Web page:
This week we welcome the Director of Communications for Enrollment Management, Becky Tankersley, to the blog.
In early September, you may have noticed a change in Georgia Tech’s Undergraduate Admission website. After (many!) months of talking, planning, building, and testing, the new admission website was ready for action!
From a user’s perspective, the new website simply appeared one day. But from a development perspective, the site came to fruition after more than a year of research, planning, testing, and development.
As the launch date approached, Rick noted, “You know, I bet there’s a blog you could write about that.” As I reflected on the process and the outcome, I can see the parallels between launching a website and launching a college application. Neither process happens quickly… yet each ultimately comes to life with a quick click of a button.
As you work to prepare to launch your college applications, here are a few tips on how to plan ahead for success.
Build your team.
Website creation involves a lot of communication, and a tight-knit team to make it happen. Our team includes a Web Developer (with knowledge in coding, servers, and security); a Marketing Specialist (who researched analytics and organized content based on user navigation and data); and a Graphic Designer (who creates imagery and ensures we’re in line with brand standards). My job was to keep us all organized, creating timelines and paving the path forward through conversations with all the other people invested in the project (including admission leadership, Institute Communications, and web hosting).
Each role is different, yet each is critical to the ultimate outcome of the project.
Your action item:
Who is on your team? This is likely your first (and perhaps only) time going through the college application process. It’s critical to have a close team around you to help along the way. Your team may include a parent/guardian, high school counselor, and another trusted adult like a teacher or coach.
Talk with your team, listen to their guidance, and lean on their experience as you go through the process. Most important, be sure this is a team you can trust. There will be moments when you can’t lean on your own knowledge to find a solution, so be sure you have a good team to support you through the process.
Do your research.
Building a website isn’t as simple as creating content and hitting “upload.” We first did our research. We talked with admission leadership about what they wanted in their new website. We talked with Tech’s web team to learn about differences in platforms and servers. We did a deep dive into data, using analytics to learn which pages were used often and which ones weren’t. This data also enabled us see user paths, revealing areas where users were getting lost when trying to navigate from one point on the site to another. We completed a competitor review to determine the best practices in our industry and see what else we could implement (imitation is the sincerest form of flattery, right?).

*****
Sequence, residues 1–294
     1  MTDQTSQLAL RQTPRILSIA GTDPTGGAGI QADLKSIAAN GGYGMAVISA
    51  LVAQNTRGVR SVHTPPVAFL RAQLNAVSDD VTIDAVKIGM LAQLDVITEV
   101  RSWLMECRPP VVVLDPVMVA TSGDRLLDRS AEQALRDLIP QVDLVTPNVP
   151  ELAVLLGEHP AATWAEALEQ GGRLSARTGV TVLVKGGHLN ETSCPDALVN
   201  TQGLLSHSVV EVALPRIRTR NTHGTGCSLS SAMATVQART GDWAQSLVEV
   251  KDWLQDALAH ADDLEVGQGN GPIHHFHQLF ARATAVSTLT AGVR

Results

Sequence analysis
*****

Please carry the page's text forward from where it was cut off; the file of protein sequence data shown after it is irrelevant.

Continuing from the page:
Your action item:
We’ve said it many times, but it’s worth saying again: do your research before submitting a college application! Here are a few places to begin:
- Dive into data. Explore the Common Data Set (CDS) for the schools on your list. The CDS allows you to look at public historical information, providing insight, perspective, and trends by looking at multiple years. Check out our previous blog on how to analyze this data on your own.
- Review mission statements. University mission statements aren’t just flowery verbiage to put on the “about us” page. Mission statements (and strategic plans), drive institutions toward their enrollment goals. Institutional missions matter, so review these statements to ensure your values align with the values of the colleges where you apply.
- Understand application plans. Early action? Early decision? Regular decision? Rolling admission? Application plans vary from college to college. Check out our podcast for insight into how these plans work.
- Know the outcomes. Some admission decisions are simply “admit” or “deny.” But in many cases, it isn’t that clear cut. Understand the variety of admission decisions you may receive from each school on your list. For example, Tech admits first-year students to both the fall and the summer terms, yet each year we talk to students are caught off guard. Doing your research now can save confusion down the road.